At the start of Lap 4, and Howe drafted his way up to and alongside Winter down the straight, and swept in front to take back the fourth spot, with Winter having an issue through Hayshed allowing Watson to move past also to move into fifth position. Doherty also moved back ahead of Andreevski as the pair diced for eleventh position, while trying to find a way past Mitchell in front of them. Doherty was baulked as he tried in vain to get around Mitchell, allowing Andreevski back past under brakes for Turn 1. Both drivers were trying to gain the upper hand to be able to move ahead of Mitchell, and unfortunately for Doherty a spin and some light contact under brakes for Honda on Lap 5 took him out of the battle, though he resumed in thirteenth.

Beller was comfortable out in front as he continued to open up his gap to Westaway, who did the same back to Taubitz in third, who also was easing away from the Howe/Watson/Winter battle. Westaway and Petrusic were circulating together a short distance behind, with Jackman having a lonely race behind them having dispatched of Mitchell. Mitchell was next from Andreevski, Marriner, Doherty and Vainoras.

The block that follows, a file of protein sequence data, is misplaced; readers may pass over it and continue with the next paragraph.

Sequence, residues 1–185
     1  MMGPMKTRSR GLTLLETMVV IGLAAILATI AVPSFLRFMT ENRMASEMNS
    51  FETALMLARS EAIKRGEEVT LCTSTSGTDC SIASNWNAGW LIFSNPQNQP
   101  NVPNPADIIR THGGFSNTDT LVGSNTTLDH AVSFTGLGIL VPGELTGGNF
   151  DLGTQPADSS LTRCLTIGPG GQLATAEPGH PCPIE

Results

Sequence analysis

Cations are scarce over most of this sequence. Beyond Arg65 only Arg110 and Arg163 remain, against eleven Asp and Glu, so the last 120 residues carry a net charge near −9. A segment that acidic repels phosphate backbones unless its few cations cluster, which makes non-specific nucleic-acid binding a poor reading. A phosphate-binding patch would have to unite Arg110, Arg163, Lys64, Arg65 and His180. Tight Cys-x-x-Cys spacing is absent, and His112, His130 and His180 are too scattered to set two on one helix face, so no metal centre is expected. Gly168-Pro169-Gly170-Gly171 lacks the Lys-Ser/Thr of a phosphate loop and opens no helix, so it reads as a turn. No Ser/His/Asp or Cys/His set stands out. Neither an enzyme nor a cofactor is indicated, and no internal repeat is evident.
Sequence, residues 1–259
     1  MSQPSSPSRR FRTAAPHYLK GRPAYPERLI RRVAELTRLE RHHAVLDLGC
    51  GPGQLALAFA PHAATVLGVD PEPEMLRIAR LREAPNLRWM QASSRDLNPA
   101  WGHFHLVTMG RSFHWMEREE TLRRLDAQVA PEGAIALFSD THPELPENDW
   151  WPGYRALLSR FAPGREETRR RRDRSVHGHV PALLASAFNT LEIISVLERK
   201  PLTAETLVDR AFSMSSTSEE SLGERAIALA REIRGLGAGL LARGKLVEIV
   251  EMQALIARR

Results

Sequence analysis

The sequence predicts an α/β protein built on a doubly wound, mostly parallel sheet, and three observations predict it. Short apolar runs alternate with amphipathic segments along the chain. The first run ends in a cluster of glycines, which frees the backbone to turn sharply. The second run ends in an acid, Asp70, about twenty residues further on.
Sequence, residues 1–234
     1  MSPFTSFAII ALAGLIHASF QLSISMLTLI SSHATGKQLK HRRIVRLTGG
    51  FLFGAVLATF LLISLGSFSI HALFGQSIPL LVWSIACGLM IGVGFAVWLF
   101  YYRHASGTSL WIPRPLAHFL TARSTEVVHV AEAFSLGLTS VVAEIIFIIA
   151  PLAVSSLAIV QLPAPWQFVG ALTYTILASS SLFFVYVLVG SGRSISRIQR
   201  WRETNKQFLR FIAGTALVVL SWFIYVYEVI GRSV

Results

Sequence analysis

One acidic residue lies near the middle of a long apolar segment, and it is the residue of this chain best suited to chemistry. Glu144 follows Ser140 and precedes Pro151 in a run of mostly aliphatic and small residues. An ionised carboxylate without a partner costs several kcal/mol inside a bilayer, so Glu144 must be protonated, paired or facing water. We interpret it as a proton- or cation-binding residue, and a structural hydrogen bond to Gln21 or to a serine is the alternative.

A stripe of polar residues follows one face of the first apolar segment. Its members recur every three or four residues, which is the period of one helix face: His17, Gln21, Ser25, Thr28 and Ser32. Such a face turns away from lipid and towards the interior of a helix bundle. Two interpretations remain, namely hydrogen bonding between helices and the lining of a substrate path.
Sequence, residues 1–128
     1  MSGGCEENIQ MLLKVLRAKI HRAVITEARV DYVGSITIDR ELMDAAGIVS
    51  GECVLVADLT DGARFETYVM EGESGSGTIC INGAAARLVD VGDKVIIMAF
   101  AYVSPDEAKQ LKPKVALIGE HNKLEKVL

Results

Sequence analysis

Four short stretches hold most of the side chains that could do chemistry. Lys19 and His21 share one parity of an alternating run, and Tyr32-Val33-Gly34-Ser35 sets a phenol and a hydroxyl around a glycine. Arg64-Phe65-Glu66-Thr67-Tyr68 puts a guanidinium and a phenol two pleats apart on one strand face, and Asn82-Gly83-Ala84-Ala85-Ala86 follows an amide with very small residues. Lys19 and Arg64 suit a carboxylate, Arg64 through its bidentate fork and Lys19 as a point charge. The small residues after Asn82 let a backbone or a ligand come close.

Lap 6 and with the battle for fourth still on in earnest between Howe, Watson and Winter, Howe had an issue going through Lukey Heights and dropped back all the way to eighth position, allowing Watson, Winter, the Michael flavoured Westaway and Petrusic to all be promoted a spot. Andreevski pulled alongside Mitchell down the front straight as the pair finished the sixth lap, though Mitchell retained the position entering Turn 2. Andreevski continued to fight for the spot, and on the last lap was able to pull alongside Mitchell exiting Southern Loop for the final time.

Side-by-side under brakes though, and Mitchell locked up the rear brakes and gyrated in front of Andreevski as he turned in, the noses of both cars just making slight contact. Andreevski continued on with a nosecone that threatened to come adrift and was flapping about, and he lowered his speed as a result, allowing Marriner to inherit the final position in the top ten, while Mitchell retired.

At the end of the 8 laps it was Beller who took the victory by over four seconds from Westaway, with Taubitz in third securing his first podium finish. Watson closed the gap in the last two laps but ran out of time to mount a challenge and settled for fourth, with Winter rounding out the top 5, a further four seconds off of Watson.